What are the Causes of Coronary Heart Disease?

Coronary heart disease (CHD) is the result of the buildup of plaque in the coronary arteries. Plaque is caused when fat deposits, cells, and other material lodge themselves in the walls of the arteries during inflammation. These plaque deposits continue to build up over time.

The deposits cause the coronary arteries to become narrow and reduce the amount of blood that reaches the heart muscle. Plaques may harden and then eventually rupture.


Blood clots form on the surface of ruptured plaques and further narrow the arteries and reduce blood flow to the heart muscle. The part of the heart muscle that does not get oxygen can die resulting in a heart attack.

Damage to the heart muscle can result in problems in the pumping action of the heart i.e. heart failure or abnormalities in heart rhythm i.e. arrhythmia.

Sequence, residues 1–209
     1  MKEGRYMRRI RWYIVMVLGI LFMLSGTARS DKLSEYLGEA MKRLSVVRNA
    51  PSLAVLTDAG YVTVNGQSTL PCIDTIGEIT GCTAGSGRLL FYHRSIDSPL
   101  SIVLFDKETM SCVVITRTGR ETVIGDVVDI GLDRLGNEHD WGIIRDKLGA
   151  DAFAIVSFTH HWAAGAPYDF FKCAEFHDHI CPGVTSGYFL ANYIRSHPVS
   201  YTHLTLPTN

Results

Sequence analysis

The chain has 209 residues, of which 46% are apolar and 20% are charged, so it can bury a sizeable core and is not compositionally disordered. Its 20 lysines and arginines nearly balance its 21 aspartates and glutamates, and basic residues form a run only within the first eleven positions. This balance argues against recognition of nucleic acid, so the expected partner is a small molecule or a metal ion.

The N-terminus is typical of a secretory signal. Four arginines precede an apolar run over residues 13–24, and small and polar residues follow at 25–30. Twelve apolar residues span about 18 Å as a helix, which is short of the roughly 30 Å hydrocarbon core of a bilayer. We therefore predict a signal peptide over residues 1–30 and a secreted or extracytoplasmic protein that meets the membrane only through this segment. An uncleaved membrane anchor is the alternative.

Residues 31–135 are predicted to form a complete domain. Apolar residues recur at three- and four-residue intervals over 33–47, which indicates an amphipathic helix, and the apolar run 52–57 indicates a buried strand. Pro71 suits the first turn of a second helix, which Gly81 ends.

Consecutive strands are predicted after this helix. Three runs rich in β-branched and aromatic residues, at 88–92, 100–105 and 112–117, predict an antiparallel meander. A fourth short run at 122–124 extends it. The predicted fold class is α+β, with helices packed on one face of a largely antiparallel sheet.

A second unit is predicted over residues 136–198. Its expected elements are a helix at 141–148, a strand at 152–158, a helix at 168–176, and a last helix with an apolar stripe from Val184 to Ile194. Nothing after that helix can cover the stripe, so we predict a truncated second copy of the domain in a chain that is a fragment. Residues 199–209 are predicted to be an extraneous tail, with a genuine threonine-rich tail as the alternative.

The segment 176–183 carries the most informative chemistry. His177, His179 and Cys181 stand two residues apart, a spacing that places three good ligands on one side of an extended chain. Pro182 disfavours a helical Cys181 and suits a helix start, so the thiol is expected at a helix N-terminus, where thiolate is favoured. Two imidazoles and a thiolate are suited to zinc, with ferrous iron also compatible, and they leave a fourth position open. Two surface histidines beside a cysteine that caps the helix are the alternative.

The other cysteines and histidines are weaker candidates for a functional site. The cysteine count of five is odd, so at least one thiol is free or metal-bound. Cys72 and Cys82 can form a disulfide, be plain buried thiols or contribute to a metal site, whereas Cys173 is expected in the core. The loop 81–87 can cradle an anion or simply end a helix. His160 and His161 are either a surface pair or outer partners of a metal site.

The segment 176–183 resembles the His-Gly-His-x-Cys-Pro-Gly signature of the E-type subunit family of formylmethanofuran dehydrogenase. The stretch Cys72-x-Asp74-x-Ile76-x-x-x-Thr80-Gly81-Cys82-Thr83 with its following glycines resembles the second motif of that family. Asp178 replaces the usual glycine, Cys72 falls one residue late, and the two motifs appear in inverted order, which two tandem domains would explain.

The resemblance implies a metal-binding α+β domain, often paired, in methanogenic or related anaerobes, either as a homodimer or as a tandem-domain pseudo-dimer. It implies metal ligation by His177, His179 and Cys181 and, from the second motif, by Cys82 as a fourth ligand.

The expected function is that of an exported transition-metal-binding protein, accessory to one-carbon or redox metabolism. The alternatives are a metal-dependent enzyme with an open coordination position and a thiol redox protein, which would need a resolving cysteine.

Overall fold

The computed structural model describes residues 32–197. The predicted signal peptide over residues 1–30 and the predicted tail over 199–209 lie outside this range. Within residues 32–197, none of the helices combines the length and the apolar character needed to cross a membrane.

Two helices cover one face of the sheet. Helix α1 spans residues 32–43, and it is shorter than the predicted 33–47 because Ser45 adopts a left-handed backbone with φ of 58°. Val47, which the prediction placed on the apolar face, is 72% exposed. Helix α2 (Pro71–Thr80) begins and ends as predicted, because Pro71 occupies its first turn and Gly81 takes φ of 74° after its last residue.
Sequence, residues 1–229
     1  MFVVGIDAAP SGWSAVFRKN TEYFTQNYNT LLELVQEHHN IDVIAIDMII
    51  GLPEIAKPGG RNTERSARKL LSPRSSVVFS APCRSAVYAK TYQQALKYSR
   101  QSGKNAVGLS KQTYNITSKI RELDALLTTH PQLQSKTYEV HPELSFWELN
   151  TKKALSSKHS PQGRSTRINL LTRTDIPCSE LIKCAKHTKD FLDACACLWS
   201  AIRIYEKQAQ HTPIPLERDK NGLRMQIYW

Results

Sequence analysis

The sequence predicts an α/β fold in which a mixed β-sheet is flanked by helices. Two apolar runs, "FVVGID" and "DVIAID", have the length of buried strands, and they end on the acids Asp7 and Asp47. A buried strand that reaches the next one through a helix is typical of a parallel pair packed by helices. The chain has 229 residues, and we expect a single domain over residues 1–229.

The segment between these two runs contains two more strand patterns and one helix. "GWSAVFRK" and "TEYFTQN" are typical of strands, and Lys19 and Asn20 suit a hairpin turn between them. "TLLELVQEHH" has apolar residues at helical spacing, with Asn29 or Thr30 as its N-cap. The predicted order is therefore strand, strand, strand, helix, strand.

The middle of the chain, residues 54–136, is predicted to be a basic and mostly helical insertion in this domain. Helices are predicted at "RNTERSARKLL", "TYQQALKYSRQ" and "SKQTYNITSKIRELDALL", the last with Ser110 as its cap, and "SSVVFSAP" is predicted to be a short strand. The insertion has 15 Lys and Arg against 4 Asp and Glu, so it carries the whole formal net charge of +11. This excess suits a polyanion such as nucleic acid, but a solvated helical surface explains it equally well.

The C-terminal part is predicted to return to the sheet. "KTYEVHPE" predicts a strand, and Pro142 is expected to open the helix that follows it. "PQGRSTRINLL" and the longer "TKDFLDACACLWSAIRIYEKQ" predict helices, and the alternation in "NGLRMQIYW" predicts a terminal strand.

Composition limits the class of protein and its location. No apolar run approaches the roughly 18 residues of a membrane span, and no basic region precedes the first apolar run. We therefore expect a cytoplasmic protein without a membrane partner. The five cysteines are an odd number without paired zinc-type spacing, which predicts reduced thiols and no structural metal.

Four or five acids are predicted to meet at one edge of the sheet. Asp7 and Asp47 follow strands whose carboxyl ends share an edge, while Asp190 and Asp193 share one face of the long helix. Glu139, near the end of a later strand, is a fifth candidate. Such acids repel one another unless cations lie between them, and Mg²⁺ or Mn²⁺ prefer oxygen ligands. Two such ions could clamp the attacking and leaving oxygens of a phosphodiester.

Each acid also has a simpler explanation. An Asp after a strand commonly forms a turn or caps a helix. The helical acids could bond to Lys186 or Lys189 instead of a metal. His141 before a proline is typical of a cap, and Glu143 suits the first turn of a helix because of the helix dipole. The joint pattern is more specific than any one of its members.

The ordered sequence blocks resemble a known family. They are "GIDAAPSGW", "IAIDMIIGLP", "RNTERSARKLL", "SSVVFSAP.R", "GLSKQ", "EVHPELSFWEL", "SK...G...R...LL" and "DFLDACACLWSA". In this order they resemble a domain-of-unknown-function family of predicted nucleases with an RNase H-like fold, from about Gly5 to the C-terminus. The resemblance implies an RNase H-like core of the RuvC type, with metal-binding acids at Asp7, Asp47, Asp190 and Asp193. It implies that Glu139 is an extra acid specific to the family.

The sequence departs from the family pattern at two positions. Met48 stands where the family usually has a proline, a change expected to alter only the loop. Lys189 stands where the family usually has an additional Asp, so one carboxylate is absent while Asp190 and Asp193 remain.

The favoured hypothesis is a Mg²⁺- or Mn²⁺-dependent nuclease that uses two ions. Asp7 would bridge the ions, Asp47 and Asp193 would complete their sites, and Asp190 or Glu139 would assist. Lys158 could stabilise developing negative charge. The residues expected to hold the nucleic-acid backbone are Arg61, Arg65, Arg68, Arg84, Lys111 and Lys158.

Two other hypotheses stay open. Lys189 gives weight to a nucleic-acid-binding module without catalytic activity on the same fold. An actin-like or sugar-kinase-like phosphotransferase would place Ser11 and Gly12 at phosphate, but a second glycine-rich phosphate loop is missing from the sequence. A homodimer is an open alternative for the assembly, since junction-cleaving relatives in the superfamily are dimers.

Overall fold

Causes of Coronary Heart Disease - Arrhythmia

What are the Symptoms of Coronary Heart Disease?

Some people do not exhibit any signs of CHD; this is called as silent CHD which can cause sudden death.

Some people suffer from angina attacks. Others may directly experience symptoms of a heart attack, heart failure, or arrhythmia (irregularity in heartbeat).

The symptoms of angina include the following:

  • Chest pain that cause tightness in the chest, which eventually spreads to the abdomen, back, neck, arms, and jaw
  • Stable angina occurs during physical activity or emotional stress. It resolves once the physical activity is stopped